There is no problem that a litter picker and a little motivation (biscuits) can’t solve. I don’t want to say I saved the day, but if that bag hadn’t been there to hold up the lid I could have easily lost an arm…

All in all I have had a great introduction to my new job and a wonderful start to the 2018 season of Osprey Watch. The visitors are happy, the ospreys are laying eggs, the volunteers are spreading wisdom and I’m in a cupboard eating biscuits.

We have visitors who journey over land and sea to see us, visitors who have stumbled across us after a lunch at the pub, real wildlife wise-guys and eager nature novices. We welcome all at Osprey Watch and we’d love you to come visit this season.

Hello! My name is Kelly Hollings and I am lucky enough to be one of the project officers, working alongside Graham Holyoak and a super team of volunteers for a project called Restoring Ratty. We are based at Kielder Castle, if you have any questions about this blog, please call us on 01434 250898.

In the summer of 2016, ‘Restoring Ratty,’ was born; a five year partnership project aimed to re-introduce water voles back into Kielder, thanks to a grant of £421,000 from the Heritage Lottery Fund. Our partners are Northumberland Wildlife Trust, Forestry Commission and Tyne Rivers Trust.

We are coming to the end of our first year; have learnt lots on the way, and have received so much support. Most importantly we have released 560 water voles back into Kielder on the upper catchment tributaries of the Kielder Burn and North Tyne above Kielder Reservoir.

Our first task was to assist Ecologists from Derek Gow’s consultancy, Roisin Campbell-Palmer and Ben Wright to catch Water Voles from the North Pennines to breed from for our project. Consent was given to do this from Natural England and the North Pennines AONB. Only voles under 160 grams were taken as these were juveniles born in the very last litter and had a slim chance of surviving through the winter. We caught 16 voles in total from the North Pennines. Derek Gow already had some Water voles from a re-introduction project in Scotland taking the total up to 40 water voles to breed from. It is important to only breed from water voles in the North East and Scotland in order to maintain the correct genetic haplotypes.

The Water voles spent the winter at Derek Gow’s consultancy in Devon and were paired up in March. The first young were born in late April. And in June 320 young water voles bred in captivity by Derek Gow were brought up to Kielder Water & Forest Park to be released! A huge thank you goes to all who helped us, especially our volunteers and staff from Forestry Commission and Tyne Rivers Trust. We undertook another release in August and will be repeating this for the next 2 years.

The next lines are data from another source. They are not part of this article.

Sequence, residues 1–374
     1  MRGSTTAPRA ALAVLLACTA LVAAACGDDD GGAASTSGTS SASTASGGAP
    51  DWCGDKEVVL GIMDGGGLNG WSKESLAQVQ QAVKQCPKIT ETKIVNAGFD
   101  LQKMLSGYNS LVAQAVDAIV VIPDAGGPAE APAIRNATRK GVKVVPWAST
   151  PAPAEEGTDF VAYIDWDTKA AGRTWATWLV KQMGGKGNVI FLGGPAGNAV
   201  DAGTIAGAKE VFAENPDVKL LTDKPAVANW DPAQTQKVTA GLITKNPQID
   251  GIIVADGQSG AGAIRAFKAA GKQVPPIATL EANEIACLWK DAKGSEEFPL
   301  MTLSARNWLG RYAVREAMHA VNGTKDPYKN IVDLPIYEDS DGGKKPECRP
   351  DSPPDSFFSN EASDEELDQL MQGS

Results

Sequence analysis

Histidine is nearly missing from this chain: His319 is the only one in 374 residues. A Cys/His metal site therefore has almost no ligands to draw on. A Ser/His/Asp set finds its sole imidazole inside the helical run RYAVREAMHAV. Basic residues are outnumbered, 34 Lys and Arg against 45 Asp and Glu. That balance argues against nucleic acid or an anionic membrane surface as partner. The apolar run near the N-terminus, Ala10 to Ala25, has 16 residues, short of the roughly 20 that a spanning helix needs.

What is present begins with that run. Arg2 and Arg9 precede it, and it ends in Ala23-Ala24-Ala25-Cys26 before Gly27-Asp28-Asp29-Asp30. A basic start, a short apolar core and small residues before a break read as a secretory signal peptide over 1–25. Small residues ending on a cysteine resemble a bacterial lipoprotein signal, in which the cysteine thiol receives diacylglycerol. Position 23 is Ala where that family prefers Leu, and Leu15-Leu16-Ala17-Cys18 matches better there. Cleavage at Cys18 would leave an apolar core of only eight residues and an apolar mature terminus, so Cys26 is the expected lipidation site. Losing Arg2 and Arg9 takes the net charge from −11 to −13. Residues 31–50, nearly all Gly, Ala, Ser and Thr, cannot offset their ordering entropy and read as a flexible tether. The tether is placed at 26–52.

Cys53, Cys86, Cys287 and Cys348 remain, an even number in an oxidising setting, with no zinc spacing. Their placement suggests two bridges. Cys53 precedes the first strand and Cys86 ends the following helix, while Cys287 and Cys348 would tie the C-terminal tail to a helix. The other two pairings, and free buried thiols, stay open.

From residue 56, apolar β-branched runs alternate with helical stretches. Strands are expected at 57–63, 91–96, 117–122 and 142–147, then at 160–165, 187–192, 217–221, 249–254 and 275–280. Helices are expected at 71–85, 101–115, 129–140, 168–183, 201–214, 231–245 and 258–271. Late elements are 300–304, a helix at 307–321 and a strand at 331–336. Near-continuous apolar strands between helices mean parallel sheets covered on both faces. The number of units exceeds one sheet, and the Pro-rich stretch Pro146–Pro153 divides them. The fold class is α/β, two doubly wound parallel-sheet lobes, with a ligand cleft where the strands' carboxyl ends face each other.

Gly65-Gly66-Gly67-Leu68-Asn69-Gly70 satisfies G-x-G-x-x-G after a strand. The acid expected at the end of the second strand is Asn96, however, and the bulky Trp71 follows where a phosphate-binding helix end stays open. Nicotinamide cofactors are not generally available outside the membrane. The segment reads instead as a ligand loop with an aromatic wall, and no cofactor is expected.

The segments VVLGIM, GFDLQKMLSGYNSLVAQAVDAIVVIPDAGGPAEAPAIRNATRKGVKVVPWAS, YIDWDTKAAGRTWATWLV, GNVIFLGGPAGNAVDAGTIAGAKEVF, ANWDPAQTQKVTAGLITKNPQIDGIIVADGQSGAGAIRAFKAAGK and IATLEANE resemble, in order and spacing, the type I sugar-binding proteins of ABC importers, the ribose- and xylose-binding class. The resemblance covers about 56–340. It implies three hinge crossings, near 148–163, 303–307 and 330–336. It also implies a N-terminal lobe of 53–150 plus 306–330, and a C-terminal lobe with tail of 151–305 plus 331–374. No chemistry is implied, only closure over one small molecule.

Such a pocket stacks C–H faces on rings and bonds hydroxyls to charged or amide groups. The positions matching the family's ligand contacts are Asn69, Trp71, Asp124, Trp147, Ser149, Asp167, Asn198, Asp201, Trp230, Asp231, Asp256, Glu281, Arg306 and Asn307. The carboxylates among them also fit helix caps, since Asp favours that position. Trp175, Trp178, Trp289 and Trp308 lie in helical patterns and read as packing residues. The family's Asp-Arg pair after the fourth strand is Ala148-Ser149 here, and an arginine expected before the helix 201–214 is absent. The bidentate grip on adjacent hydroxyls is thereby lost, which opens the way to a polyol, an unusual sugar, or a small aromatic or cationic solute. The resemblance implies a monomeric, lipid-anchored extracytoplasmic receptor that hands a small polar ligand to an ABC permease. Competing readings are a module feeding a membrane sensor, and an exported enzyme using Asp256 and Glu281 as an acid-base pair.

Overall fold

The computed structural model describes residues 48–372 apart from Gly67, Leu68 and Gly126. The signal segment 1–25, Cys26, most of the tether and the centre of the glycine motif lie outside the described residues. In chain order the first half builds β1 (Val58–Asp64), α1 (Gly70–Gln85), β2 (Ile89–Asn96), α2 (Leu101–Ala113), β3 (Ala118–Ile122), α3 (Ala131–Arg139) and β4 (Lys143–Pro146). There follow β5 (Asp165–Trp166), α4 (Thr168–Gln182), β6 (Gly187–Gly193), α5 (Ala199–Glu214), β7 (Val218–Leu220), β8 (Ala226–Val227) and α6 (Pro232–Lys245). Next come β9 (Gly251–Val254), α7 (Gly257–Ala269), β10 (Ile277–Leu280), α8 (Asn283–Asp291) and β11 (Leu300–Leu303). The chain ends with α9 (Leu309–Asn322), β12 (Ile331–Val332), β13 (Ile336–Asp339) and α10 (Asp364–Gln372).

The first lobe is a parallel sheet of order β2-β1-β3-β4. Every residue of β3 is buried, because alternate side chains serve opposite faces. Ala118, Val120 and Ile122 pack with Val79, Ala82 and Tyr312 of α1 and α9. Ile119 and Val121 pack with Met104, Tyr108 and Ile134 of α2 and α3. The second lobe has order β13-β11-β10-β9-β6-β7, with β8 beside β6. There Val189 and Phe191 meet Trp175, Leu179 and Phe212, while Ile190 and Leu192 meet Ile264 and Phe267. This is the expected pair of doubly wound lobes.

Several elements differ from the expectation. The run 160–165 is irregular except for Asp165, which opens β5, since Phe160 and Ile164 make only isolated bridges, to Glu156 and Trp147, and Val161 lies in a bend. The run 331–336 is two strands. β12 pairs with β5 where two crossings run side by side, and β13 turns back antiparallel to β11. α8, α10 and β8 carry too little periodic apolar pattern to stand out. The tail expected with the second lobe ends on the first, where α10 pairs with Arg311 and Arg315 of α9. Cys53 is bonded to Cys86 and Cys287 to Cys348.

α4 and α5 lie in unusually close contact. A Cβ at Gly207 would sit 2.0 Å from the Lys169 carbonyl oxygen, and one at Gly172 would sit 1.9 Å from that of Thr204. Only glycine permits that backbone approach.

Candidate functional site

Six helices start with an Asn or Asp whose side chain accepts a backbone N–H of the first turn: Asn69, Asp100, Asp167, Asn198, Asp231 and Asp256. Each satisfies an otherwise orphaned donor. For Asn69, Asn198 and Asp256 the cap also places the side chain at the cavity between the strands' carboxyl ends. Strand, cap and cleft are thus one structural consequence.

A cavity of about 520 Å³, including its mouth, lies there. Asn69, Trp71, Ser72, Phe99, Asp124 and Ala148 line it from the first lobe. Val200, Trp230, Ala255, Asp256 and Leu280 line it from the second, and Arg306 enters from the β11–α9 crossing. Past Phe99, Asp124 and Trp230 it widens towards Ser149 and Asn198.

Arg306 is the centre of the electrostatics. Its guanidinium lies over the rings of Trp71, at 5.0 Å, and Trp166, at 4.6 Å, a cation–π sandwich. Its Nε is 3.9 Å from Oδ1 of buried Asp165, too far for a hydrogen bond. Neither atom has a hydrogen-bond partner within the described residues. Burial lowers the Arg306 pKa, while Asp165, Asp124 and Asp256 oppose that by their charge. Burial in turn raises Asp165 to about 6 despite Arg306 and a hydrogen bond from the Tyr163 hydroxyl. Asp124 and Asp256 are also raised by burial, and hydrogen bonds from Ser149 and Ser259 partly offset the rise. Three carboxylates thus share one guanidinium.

20 years ago water voles were common sights in Kielder, but were sadly wiped out by the American mink released from a local fur farm. Forestry Commission Rangers spent years trapping mink and we can now declare that Kielder is mink free and safe for the water vole’s return

Our much valued volunteers still head out into the forest twice a month to check the mink rafts for tracks; this will remain hugely important throughout the next 4 years. We need to maintain a mink free zone in order for the release of water voles to be successful. We are pleased to report that we have found no confirmed signs of mink since this project began. We are always happy to welcome new volunteers, if you would like to find out more, please contact Kelly Hollings, Kelly.hollings@northwt.org.uk

We have begun to roll out our 3-way school Education programme. In September we worked with Terrington Hall School in York who helped us capture some voles from a Forestry Commission site in the North York Moors, to breed from for our next release. In March 2018, we shall be working with St Davids School in Exeter and Devon Wildlife Trust, who will be visiting Derek Gow’s farm and learning about the breeding of water voles. Bellingham Middle School will help us with the next release in June 2018.

You can follow the progress of the project:
via Facebook at: www.facebook.com/Restoring Ratty or
via the Trust website: www.nwt.org.uk/restoringratty
This video gives a flavour of our first year from start to finish, https://www.youtube.com/watch?v=Ko7UktGXFqg&t=360s